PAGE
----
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  • Scott Murray
  • University of San Francisco
  • Twitter

Scott Murray is a code artist who writes software to create data visualizations and other interactive phenomena. His work incorporates elements of interaction design, systems design, and generative art. Scott is an Assistant Professor of Design at the University of San Francisco, a contributor to Processing, and author of "Interactive Data Visualization for the Web: An Introduction to Designing with D3."

Session

  • Whatever Happened to “Augmenting Human Intellect”?
  • Time: Wednesday @ 4:00pm | Room N-122

The fundamental role of data visualization is to express information in a form more palatable to human perception than rows and columns of raw values. We are visual creatures, and visualization is a necessary tool for our brains to acquire, explore, analyze, and reason with data. Douglas Engelbart’s recent passing has me reflecting on why we do what we do, and whether or not we are fulfilling Engelbart’s goal of “augmenting human intellect.” On one hand, visualization is a technology perfectly suited to support this goal. Yet, too often, we see graphics whose inaccuracy and oversimplification is fundamentally misleading, effectively dumbing us down — the opposite of what we need. This is not just a gripe about poorly designed visuals; this is an opportunity to reevaluate the values that inform our work. How can we reframe and refocus our work on the worthy goals of visionaries like Engelbart and Vannevar Bush? With some adjustments, visualization can play a less trivial, more fundamental role within the larger domains of technology and society.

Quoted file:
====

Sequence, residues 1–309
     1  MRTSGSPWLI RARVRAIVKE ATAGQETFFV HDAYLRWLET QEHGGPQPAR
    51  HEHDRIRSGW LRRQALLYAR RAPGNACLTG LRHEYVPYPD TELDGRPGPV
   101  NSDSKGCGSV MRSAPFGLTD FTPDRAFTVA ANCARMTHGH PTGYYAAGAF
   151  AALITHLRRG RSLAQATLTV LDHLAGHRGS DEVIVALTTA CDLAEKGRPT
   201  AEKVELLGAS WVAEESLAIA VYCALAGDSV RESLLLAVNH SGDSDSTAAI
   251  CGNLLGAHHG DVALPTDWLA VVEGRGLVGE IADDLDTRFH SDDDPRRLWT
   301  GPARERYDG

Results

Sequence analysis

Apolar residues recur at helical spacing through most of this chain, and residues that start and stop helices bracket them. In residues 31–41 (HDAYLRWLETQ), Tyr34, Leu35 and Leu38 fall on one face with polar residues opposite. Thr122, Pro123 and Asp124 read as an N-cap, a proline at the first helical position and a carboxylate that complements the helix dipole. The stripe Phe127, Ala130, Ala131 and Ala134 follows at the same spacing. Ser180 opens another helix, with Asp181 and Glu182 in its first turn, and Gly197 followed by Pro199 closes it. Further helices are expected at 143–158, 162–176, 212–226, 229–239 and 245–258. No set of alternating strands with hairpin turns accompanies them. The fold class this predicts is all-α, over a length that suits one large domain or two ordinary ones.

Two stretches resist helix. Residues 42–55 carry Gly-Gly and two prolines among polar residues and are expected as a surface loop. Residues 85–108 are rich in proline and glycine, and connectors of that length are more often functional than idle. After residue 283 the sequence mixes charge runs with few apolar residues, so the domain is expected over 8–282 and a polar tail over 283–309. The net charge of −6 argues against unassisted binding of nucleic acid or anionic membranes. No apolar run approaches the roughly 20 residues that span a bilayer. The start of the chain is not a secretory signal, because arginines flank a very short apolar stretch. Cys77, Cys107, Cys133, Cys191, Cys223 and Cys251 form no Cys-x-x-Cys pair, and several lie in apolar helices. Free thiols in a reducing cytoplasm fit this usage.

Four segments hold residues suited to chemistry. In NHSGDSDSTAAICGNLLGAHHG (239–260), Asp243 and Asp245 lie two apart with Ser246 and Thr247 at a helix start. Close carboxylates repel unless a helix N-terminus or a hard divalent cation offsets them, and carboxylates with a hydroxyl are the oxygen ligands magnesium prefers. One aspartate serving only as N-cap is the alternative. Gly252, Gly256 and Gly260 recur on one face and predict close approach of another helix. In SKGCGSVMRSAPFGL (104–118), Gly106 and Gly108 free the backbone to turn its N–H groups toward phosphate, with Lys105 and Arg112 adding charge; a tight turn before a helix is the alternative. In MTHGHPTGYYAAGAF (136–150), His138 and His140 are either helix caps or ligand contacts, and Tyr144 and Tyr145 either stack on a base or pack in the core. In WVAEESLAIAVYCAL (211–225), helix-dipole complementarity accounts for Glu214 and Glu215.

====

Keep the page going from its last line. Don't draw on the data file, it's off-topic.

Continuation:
• Training Course Crazy Data Circles: Introducing d3.js
  • Time | Room

Sometimes you want to use circles to clearly present your data; sometimes you just want to fill circles in with pretty colors and have them fly around the screen, because it looks awesome. This off-kilter introduction to D3 will teach you how to do both of those equally valid, time-honored activities. We’ll cover the fundamental concepts of D3 — loading data, generating visual elements based on that data — and then walk through several code samples, illustrating some of the nutty things you can do with this serious tool.

We’ll move quickly, so you should already be familiar with HTML, CSS, and a bit of JavaScript or another programming language. (For example, if you’ve noodled around with jQuery or Processing, and variables and for() loops don’t scare you, you’ll be fine.)

Requirements: You will need your own laptop with the following installed and ready to go: a text or code editor of your choice, a new web browser (Chrome is best for our purposes), and a local web server (e.g., MAMP or Python simple server).

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